On Confirmation Bias
In Gore Vidal’s “Burr: A Novel”, the narrator is asked to dig up dirt on his companion Aaron Burr. Through the process he invariably ends up admiring Burr and decides that, in addition to digging for dirt, it would be most interesting to help Burr craft his memoirs. The narrator, upon telling the newspaper editor his plans, finds the editor unconvinced:
You will be favorable to Burr and so must fail, because the American reader cannot bear a surprise. He knows that this is the greatest country on earth, Washington the greatest man that ever lived, Burr the wickedest, and evidence to the contrary is not admissible. That means no inconvenient facts, no new information. If you really want the reader’s attention you must flatter him, make his prejudices your own, tell him things he already knows–he will love your soundness.
Confirmation bias is one of our characteristics that most impedes our ability to change our minds, even in those instances when we should. We invest an enormous amount of energy in constructing personal narratives: who we are in the world, how we fit into the larger society, and how the world operates. When presented with ideas that contradict our narratives, we find it easier to refuse to believe them than to revise these narratives. One such example is how organized religion responded to ideas and evidence challenging scripture. There are some believers who try to twist dinosaur fossils to fit their young-earth theory. Others claim that scripture was written as a set of moral parables and was never meant to be interpreted literally. Others rather cleverly treat all new discoveries that on their surface conflict with religious beliefs as further evidence of the majesty of God and the universe he’s created “for us.”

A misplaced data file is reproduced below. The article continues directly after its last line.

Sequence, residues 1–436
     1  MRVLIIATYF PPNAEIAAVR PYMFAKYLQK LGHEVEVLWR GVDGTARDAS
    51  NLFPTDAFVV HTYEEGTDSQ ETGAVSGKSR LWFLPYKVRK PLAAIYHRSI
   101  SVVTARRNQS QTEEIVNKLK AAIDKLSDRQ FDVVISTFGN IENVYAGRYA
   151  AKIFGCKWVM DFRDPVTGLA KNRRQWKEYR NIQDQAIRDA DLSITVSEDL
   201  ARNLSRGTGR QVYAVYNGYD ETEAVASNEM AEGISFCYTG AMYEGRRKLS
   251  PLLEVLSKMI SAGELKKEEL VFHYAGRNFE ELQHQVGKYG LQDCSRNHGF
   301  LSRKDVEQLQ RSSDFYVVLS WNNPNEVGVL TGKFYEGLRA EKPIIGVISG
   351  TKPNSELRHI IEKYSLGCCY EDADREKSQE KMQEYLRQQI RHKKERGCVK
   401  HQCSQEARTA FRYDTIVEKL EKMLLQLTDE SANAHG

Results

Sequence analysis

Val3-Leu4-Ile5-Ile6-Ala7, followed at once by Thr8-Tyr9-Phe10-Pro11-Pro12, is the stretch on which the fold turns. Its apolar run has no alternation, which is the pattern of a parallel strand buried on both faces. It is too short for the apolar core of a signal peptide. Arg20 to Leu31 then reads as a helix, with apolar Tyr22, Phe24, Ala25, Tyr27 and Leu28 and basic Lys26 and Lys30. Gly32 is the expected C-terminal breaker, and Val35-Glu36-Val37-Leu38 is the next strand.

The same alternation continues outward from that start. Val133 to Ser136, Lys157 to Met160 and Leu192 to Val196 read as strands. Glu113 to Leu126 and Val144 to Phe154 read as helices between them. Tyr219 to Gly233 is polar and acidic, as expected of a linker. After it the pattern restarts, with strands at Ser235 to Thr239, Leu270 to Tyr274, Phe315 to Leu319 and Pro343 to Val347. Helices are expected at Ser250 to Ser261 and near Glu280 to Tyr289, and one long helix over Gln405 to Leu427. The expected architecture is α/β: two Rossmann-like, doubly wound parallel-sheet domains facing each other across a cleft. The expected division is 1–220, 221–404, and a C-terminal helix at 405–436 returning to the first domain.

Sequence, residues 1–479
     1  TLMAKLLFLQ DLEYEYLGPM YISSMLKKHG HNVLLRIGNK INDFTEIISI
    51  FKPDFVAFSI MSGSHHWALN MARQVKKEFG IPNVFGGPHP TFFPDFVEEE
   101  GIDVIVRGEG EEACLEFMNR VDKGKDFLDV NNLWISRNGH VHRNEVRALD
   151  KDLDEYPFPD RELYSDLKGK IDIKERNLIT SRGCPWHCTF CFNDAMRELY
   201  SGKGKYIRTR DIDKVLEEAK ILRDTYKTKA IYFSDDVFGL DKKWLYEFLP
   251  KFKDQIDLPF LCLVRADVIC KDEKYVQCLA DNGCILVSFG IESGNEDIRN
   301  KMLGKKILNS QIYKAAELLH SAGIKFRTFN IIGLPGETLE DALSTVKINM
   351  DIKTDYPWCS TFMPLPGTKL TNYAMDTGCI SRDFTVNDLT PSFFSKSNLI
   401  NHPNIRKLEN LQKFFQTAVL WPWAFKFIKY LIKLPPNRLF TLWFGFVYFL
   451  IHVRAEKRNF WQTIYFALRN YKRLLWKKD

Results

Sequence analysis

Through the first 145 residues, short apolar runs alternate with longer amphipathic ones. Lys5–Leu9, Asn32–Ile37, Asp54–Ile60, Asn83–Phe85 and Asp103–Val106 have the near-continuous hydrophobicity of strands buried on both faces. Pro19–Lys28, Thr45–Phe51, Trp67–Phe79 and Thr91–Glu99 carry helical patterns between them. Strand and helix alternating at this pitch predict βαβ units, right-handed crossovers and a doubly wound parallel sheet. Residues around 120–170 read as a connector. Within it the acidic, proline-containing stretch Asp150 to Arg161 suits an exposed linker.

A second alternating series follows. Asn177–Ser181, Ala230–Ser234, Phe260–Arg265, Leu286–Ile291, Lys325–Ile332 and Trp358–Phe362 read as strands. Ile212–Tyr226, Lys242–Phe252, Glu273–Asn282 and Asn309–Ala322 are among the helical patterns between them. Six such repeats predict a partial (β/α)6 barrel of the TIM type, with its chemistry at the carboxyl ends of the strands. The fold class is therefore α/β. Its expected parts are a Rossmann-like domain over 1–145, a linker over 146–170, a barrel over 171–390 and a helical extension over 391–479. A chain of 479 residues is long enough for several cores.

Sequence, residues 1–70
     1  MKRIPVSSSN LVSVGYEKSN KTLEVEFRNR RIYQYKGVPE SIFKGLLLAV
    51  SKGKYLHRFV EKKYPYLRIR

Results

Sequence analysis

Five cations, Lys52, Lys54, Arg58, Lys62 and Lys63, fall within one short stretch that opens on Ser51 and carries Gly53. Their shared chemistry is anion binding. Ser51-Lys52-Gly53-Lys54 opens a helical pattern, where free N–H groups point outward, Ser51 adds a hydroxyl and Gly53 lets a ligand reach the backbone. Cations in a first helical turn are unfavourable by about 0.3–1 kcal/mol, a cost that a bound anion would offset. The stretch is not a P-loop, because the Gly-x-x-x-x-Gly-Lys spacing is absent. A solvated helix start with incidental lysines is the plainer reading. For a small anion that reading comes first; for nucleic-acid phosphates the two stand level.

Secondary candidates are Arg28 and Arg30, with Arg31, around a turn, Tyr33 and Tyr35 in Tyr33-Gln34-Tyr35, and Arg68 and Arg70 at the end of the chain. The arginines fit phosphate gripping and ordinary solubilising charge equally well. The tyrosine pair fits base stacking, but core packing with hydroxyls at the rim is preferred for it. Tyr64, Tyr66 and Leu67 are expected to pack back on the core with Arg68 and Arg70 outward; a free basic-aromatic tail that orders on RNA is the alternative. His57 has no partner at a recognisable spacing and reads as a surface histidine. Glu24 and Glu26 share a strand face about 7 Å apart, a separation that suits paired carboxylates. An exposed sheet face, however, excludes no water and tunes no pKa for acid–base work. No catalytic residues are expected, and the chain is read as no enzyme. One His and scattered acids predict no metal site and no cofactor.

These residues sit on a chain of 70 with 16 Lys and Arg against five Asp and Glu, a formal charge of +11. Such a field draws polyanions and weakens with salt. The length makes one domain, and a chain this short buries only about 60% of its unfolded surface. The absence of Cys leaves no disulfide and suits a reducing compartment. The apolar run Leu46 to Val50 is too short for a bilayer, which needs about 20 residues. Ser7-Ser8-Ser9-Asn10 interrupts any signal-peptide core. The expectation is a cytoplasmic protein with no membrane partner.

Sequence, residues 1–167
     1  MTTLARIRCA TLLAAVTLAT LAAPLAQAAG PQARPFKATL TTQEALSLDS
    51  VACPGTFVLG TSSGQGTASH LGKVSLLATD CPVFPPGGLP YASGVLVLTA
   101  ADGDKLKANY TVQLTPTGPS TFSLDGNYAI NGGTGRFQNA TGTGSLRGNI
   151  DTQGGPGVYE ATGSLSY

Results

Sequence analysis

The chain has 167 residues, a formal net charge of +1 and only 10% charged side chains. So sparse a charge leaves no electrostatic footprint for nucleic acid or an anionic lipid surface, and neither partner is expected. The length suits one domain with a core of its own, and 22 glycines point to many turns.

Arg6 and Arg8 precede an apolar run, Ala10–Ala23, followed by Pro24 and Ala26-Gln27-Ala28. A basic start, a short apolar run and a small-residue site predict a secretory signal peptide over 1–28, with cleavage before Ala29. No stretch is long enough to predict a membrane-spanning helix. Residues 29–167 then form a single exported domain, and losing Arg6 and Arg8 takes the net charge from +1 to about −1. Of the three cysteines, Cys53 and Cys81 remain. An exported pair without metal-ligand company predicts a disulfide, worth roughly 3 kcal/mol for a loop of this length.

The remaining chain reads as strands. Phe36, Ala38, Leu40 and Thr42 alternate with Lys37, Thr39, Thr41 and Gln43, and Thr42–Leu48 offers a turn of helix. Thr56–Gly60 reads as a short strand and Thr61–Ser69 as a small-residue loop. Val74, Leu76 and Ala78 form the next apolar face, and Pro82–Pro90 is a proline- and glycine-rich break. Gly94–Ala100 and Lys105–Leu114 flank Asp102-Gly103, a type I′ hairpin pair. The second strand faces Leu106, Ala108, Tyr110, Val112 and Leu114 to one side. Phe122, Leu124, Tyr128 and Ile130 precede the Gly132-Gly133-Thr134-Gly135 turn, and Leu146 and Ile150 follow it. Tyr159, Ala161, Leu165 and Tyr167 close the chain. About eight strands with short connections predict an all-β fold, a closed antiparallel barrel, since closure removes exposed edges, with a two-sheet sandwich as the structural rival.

Confirmation bias in politics is no different, as anyone who has spent any time reading political publications or watching the political opinionators on cable news channels can attest. Behind them lies enormous, solidified constructs of narrative and political philosophy that acts like an information processing unit. New information comes in, enters the processing unit, and is spit out colored and biased to become just another piece of evidence supporting whatever ideology was already there.
The ironic thing is that most of us prefer it this way. Information that supports our worldview is easier to absorb and makes us feel smart because what we hear agrees with what we believe. Evidence to the contrary is dissonant, challenges our self-esteem, and has negative psychosomatic effects. Only when a person is forced by shocking, incontrovertible, and unavoidable new information does the seed of a revised personal narrative begin to grow.
If one day aliens land on earth and they tell us that they’re the reason God created the universe, how do you think will we react?